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Stamped Out: U.S. Postal Service Accused of Ending DIY Stamp Service to Avoid Printing Religious Imagery

Officials say the stamps have left the postal service wide-open to legal threats.

Postmaster General Louis DeJoy defended cost-cutting measures at the United States Postal Service on Monday as he testified to the House Oversight and Reform Committee.

The House passed legislation Saturday to give $25 billion to the postal service.

Legislators grilled DeJoy about the removal of high-speed sorting machines and blue collection mailboxes weeks before Election Day, but DeJoy could also be asked in the coming days about a defunct program that allowed original religious imagery on custom made postage stamps. Such religious imagery was prohibited in December 2017 and the entire custom stamp program ended in June.

The postal service ended the program after rejecting a religious stamp from a Texas graphic designer who claims she’s a victim of religious bias. The First Liberty Institute, a nonprofit legal organization defending religious liberty, filed a lawsuit in December 2019 on her behalf.

 

Jeremy Dys, special counsel for litigation and communications at First Liberty Institute also notes that the program was profitable and now the USPS is looking for “money for free” in the form of bailouts.

Postal service spokesman Dave Partenheimer attributed the death of the program to “an unacceptable risk to our legal, brand, and business interests.”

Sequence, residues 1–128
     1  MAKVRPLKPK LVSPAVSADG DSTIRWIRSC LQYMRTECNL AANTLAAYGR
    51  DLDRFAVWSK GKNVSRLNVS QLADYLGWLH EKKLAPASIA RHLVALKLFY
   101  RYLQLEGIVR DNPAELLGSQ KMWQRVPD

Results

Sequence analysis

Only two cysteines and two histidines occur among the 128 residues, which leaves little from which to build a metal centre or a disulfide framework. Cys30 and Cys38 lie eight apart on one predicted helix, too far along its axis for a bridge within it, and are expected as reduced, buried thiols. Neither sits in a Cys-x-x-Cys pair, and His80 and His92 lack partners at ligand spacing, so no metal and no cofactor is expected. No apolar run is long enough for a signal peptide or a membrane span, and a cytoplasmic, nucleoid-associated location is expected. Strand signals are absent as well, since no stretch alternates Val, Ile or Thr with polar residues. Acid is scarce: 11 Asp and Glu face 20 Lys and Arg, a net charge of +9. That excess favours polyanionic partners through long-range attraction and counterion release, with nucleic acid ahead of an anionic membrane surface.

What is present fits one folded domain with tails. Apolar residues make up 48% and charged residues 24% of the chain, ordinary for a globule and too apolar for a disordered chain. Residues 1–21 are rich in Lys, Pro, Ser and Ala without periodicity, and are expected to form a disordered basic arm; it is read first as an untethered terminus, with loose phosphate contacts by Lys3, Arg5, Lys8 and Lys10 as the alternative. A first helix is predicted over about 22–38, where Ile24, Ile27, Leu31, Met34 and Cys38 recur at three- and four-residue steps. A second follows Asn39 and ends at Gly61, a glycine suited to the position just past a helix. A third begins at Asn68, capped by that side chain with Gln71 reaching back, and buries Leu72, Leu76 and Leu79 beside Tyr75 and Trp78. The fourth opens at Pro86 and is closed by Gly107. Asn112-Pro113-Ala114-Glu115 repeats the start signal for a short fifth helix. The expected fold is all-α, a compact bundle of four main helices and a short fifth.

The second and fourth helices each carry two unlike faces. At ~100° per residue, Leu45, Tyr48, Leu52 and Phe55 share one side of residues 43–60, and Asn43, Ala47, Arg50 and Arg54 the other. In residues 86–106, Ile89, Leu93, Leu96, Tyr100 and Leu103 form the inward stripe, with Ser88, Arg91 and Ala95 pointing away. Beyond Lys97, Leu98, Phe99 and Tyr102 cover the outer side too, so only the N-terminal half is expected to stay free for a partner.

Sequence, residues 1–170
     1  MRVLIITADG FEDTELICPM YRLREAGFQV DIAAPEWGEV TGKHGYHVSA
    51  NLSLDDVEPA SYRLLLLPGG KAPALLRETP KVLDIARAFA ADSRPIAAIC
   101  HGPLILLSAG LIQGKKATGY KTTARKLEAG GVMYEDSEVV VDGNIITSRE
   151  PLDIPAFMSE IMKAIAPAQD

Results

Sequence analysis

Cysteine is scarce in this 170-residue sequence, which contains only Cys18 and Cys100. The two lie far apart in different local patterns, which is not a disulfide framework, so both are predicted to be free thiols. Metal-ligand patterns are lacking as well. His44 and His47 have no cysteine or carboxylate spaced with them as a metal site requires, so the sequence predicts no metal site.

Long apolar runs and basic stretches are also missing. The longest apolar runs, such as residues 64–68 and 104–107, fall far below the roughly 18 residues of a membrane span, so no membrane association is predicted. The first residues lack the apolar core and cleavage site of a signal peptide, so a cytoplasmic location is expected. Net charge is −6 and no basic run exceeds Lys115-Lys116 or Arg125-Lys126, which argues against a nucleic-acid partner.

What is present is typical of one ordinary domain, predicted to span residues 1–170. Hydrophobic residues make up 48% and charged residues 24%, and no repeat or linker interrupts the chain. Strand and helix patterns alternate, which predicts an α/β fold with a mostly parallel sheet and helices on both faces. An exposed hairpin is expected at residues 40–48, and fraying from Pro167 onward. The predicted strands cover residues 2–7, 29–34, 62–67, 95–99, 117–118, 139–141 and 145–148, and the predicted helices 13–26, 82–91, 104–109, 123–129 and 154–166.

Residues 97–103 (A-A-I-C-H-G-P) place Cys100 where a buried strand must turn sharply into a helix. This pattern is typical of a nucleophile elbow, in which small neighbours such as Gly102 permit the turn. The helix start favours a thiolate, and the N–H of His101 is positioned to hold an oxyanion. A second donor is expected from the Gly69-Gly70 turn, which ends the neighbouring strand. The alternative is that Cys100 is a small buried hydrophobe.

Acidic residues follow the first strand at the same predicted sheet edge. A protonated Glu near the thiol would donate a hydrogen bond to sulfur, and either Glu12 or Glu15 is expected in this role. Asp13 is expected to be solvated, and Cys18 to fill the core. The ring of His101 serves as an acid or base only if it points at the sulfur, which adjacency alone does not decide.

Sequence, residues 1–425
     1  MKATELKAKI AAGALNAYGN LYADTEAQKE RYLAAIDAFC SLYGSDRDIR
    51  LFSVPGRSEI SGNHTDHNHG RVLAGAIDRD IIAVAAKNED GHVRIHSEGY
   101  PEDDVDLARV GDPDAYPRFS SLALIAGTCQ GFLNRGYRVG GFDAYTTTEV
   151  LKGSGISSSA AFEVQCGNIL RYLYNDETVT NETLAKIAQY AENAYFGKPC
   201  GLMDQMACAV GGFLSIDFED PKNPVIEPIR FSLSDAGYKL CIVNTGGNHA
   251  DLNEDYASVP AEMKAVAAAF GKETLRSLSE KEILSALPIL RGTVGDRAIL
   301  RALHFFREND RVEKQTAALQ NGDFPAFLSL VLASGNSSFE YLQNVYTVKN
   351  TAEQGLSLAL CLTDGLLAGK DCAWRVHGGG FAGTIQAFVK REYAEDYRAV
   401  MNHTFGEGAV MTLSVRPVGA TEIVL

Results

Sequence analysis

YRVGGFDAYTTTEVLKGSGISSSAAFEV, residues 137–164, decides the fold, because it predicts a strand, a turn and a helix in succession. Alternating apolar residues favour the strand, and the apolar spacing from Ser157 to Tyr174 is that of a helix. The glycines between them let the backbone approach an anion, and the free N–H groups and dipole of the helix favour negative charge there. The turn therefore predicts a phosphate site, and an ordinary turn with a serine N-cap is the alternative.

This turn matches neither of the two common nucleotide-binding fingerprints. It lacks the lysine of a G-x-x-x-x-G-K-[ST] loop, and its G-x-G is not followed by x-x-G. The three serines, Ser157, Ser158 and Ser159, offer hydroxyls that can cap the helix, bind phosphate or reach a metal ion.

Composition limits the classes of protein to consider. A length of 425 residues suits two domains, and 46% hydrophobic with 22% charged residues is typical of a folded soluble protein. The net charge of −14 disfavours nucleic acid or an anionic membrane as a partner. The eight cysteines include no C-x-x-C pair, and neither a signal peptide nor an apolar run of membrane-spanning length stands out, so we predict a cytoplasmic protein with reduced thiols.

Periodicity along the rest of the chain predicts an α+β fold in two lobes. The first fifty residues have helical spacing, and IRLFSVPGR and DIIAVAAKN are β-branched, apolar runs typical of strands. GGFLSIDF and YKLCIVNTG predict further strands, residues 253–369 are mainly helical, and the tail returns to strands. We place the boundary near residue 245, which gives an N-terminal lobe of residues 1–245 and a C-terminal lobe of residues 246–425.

The postal service has long sold its own stamps with religious imagery, including Christmas stamps featuring the Madonna and Child.

Stamps.com, a vendor for the custom postage program, filed a complaint with the Postal Regulatory Commission on May 18 over the custom stamp program’s end, alleging the move was taken to kill competition with USPS’s own commemorative stamps.

Stamps.com, best known for its print-stamps-yourself system, opposed the rejection of “innocuous religious images.”

“In formal comments and informally, we opposed the [religious image] change at the time, in part out of freedom of religion concerns, and pointed out that many stamps include religious images, which are especially popular for holiday card mailings,” Stamps.com said.

“Rather than eliminating the entire Program to make this lawsuit moot,” Stamps.com said, “USPS should modify the regulations to remove the blanket prohibition on religious images, which would also make the case moot, allow the plaintiff to print the images she wants, and keep the Program intact.”

(Edited by Jeff Epstein and by Matthew Cooper.)